Job interviews are pretty tricky, but they’re not especially hard. If you’ve made it as far as an interview, you’ve obviously got something to offer and your potential employer certainly wants to hear about it.
Of course, the general rule of thumb is to be prepared – but preparation does not just mean pouring over past issues, researching the business model, preparing your own questions, knowing the questions you’ll be asked beforehand, having an idea of what you’ll say and what you might wear. You should do all of those, of course – that’s a no brainer, but preparedness is also a state of mind too.
The key to any successful job interview is knowing and being quietly confident in your ability and the fact that you will do the best you possibly can and everything else is out of your hands.
Don’t go in with a big head, ego or being cocky. No one likes a braggart and narcissist. Just be cool, calm and confident. It’s okay to be a little nervous, but turn it into motivation.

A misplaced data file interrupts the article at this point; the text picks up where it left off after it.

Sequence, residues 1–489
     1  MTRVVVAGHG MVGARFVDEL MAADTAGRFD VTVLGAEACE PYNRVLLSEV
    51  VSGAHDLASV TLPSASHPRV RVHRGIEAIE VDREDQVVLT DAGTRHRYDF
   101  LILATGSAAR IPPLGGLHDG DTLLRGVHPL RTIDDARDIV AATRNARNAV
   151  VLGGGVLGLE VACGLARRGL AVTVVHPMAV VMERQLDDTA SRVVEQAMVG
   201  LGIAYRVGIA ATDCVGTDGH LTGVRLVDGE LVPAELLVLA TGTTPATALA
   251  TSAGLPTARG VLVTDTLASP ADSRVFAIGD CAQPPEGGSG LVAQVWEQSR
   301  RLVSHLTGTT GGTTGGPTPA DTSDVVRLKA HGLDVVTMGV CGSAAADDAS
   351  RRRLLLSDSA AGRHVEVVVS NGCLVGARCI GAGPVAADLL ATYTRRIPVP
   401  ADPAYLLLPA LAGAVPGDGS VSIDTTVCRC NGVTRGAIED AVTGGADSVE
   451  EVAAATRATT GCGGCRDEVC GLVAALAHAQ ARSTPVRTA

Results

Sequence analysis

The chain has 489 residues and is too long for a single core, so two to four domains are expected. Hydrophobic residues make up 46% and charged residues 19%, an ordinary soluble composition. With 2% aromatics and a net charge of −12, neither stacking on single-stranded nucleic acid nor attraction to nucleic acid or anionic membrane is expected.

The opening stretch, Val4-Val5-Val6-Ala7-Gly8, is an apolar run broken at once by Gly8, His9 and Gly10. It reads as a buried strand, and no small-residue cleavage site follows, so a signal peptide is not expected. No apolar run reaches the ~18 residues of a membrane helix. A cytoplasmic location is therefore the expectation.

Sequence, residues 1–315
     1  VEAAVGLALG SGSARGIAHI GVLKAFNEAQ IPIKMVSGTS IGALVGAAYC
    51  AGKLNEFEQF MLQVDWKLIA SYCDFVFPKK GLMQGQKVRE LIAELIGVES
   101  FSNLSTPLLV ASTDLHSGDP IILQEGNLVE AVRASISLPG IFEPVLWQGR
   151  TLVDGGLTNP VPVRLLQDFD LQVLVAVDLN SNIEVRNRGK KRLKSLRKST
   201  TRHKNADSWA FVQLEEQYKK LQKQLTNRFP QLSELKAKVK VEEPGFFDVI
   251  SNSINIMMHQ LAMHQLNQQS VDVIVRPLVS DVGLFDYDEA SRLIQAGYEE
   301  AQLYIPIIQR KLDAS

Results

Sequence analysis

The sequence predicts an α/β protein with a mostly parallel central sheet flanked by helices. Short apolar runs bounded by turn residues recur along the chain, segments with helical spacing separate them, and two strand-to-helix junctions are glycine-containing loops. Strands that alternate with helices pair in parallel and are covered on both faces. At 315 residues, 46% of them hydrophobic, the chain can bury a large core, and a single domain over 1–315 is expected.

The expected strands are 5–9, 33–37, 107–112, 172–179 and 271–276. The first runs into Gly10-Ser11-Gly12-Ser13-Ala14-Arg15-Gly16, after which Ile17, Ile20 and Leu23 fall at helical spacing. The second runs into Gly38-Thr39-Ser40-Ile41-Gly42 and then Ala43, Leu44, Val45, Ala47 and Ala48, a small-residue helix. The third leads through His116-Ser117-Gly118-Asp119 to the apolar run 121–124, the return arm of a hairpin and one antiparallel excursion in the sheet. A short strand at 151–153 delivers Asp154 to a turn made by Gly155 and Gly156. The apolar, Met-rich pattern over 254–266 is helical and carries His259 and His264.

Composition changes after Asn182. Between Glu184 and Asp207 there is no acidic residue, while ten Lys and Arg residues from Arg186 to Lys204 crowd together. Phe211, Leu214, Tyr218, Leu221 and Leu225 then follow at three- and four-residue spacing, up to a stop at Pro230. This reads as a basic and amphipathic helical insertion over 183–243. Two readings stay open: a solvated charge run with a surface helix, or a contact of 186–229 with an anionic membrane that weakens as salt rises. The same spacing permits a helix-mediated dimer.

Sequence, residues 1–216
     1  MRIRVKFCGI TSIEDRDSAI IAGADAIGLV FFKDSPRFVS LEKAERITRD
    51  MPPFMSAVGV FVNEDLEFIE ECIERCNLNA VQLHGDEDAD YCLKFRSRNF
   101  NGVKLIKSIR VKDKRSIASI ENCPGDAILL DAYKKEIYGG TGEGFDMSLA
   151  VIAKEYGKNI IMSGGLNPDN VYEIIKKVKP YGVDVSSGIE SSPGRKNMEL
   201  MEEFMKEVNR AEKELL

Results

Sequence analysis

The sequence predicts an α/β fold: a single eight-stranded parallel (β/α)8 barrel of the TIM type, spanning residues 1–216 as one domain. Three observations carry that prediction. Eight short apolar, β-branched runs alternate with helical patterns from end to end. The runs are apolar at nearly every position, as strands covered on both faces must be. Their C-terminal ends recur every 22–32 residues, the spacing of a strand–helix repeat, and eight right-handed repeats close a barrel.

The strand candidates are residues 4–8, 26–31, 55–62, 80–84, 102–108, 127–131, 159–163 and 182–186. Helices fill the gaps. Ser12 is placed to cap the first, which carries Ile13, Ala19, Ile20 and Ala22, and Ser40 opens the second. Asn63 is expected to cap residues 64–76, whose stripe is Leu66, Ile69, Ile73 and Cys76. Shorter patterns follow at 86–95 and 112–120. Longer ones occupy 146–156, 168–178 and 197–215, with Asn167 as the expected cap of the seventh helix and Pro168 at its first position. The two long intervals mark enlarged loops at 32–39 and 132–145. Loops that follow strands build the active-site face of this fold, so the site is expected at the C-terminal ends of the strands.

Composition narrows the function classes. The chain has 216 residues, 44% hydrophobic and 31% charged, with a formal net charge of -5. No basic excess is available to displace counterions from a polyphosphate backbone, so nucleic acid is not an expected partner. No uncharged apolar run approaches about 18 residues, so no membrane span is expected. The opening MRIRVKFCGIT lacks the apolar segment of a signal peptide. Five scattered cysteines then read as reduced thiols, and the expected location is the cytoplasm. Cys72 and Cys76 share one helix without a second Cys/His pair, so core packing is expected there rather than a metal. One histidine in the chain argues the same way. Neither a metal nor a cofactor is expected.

During the interview, I find it helpful to just try and have a conversation than a stilted Q&A session. Don’t wait for them to ask you if you have any questions. If you’ve got one and it’s relevant – ask it. Be hungry.
It’s also really healthy to make sure you’ve got something to do directly after the interview is over. The waiting game is never fun and it’s good to be occupied, whether that’s filling out more applications, meeting a friend for a drink, having a cigarette, going for a run or bike ride.
How you deal with it afterwards is just another important part of the interview process. It’s naturally healthy to think about what you could have said or done differently, if you wore the right pair of trousers or made a good impression.
But don’t obsess (I could do with following my own advice).
No one has the perfect interview and hindsight is absolutely 20/20 in these cases.
Write down some notes when things become clearer about what you could have done better. When you eventually do get the call – and if you don’t get a call, you call them – ask what did work/didn’t work in the interview. What you could have done better? Why you didn’t get the job or move on to the next round?
Searching for the elusive first job is part of growing up, and now is as good of a time as any to learn more about yourself, both professionally and personally. Sometimes the hardest questions we as journalists ask are the ones we ask of ourselves.
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